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This Ohio Addiction Recovery Program Uses Opioid Settlement Money To Help Patients


Many people who survive drug overdoses spend time in emergency rooms. After being discharged, they face a high risk of overdosing again. Some communities are trying a hands-on approach to prevent that cycle by connecting patients with coaches who have gone through the rigors of addiction recovery themselves. Nick Castele reports on efforts to expand that approach by using settlement money from opioid lawsuits.

NICK CASTELE, BYLINE: This fall, two northeast Ohio counties were slated to be the first to go to trial in a nationwide lawsuit over the opioid crisis, but the defendants offered more than $300 million in cash and drug products to settle the case, and the counties accepted. While more than 2,500 other plaintiffs nationwide are still waiting for a universal settlement that could top tens of billions, Cuyahoga and Summit Counties have their settlement money on the way, and they're planning to spend much of it on anti-addiction programs, including hiring more people like Christopher Hall. Hall is neither a doctor nor a nurse, but at MetroHealth Medical Center in Cleveland, he offers patients struggling with addiction something unique - common ground.

CHRISTOPHER HALL: I was addicted. I used heroin for 15 years. I grew up with alcoholism. I know what you're going through, and that really gets them to let their guard down and talk. And they're very relieved.

CASTELE: Once Hall gets patients talking, he tries to sign them up for additional help like detox or residential treatment. He's part of a peer recovery program at MetroHealth. So far, the hospital has been happy with the results of its 2-year-old program. Dr. Joan Papp oversees opioid safety for the hospital and says it takes a lot of time and resources to support people in treatment. That's time that hospital emergency departments rarely have.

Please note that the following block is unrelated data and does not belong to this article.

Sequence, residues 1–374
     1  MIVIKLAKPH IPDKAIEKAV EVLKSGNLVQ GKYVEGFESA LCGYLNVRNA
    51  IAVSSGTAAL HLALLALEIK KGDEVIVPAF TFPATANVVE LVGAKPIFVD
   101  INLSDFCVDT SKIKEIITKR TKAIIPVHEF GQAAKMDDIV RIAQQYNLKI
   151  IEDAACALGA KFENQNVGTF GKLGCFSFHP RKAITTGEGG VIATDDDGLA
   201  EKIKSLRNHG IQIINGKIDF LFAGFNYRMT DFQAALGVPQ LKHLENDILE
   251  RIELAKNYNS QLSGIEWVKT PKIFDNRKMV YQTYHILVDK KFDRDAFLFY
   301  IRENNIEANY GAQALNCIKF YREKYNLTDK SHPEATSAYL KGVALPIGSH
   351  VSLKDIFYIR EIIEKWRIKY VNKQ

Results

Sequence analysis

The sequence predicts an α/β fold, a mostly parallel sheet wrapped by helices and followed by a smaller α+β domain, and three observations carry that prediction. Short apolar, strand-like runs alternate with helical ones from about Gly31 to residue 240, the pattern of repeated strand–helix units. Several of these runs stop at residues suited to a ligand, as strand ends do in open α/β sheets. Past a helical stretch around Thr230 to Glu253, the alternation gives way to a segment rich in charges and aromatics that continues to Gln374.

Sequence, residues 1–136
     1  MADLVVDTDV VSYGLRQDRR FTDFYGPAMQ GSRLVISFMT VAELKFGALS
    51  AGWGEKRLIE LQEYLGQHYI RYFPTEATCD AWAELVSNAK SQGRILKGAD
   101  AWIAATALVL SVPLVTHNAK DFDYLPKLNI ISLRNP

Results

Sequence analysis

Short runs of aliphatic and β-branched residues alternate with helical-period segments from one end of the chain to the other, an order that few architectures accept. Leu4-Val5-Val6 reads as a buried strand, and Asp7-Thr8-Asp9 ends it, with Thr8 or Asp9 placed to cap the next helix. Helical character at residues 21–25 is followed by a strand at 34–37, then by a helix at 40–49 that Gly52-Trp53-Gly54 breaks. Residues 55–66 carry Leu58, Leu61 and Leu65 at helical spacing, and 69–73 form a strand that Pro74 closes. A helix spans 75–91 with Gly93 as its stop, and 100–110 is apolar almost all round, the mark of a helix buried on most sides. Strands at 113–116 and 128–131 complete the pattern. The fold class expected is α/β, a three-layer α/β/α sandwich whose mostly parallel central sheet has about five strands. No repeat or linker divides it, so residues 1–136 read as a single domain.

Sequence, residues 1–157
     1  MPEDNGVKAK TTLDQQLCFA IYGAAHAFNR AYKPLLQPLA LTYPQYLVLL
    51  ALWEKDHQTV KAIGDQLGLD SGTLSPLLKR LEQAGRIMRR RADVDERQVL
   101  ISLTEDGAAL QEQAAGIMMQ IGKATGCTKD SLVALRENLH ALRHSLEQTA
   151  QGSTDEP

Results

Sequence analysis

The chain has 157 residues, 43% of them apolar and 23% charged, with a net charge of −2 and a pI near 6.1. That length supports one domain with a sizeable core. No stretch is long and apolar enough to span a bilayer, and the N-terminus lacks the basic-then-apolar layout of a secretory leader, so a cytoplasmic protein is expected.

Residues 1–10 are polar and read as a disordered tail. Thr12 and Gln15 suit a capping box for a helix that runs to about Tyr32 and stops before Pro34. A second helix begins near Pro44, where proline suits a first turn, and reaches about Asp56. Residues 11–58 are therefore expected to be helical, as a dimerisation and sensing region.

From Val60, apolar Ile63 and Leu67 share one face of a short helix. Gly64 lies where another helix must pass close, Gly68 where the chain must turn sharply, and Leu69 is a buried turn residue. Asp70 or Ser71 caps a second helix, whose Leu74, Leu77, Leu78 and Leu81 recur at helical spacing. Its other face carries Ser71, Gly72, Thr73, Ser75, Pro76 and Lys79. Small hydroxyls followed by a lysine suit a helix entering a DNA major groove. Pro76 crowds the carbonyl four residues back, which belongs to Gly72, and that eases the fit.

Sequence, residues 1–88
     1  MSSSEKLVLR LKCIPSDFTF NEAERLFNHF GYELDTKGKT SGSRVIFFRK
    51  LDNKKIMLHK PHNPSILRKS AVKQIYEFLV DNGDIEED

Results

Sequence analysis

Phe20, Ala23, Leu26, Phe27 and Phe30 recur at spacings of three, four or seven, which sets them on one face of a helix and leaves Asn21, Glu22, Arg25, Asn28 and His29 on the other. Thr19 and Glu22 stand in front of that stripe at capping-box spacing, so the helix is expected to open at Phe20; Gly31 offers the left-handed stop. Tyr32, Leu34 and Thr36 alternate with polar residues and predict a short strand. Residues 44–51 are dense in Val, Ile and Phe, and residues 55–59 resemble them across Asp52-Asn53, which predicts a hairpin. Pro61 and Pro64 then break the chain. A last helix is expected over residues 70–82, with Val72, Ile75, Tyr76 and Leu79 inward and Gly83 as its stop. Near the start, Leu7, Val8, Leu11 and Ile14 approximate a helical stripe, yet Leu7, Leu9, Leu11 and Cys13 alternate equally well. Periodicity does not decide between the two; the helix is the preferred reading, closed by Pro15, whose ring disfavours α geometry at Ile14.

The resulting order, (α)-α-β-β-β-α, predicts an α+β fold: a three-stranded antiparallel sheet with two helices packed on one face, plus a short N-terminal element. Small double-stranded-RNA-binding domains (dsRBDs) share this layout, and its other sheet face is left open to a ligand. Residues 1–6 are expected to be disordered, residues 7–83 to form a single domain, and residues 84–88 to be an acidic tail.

JOAN PAPP: With the help of a peer supporter - somebody there to really guide you and hold your hand and, in many cases, drive you directly to treatment - that is just a world of difference.

CASTELE: Now this Cleveland-area county wants to use opioid settlement money to fund peer coaches at other local hospitals. If successful, that could help more people with opioid addiction like Patricia Withrow. She met her peer supporter at a local treatment center in Cleveland.

PATRICIA WITHROW: She's a big part of my life, actually. My day - if I don't talk to her at least once a day, I feel incomplete.

CASTELE: Withrow has been sober for 17 months. When she had a recent cancer scare, she says her supporter talked to her kids to help reassure them. That kind of stress could push someone to relapse, Withrow says, but she's been doing well.

WITHROW: It's taught me how to have actual relationships with people that are positive. She taught me that. She taught me how to set boundaries.

CASTELE: Withrow is referring to her peer supporter, Nicole Betzner. Betzner says she helps her clients work through the messy parts of their lives that can get in the way of recovery.

NICOLE BETZNER: If their home environment is toxic or relationships, or if they have barriers with food, clothing, shelter, transportation, all of those things - kind of unraveling that, but ultimately, also helping a person just recover from different traumas and issues of life.

CASTELE: Over the past five years, as the opioid crisis has deepened, peer support programs have been catching on, launching in New York City, Rhode Island, Indiana and elsewhere. Dr. Elizabeth Samuels at Brown University coordinates with hospitals in Rhode Island. While the results are still coming in, she says, hospital peer support programs seem to be effective.

ELIZABETH SAMUELS: They've been in that person's shoes. They know what it's like. They treat them like a human being. They give them respect.

CASTELE: As this Ohio county moves forward, other communities are still awaiting their share of settlement dollars to help bring people with addiction back from the edge of crisis.

For NPR News, I'm Nick Castele in Cleveland. Transcript provided by NPR, Copyright NPR.

Nick Castele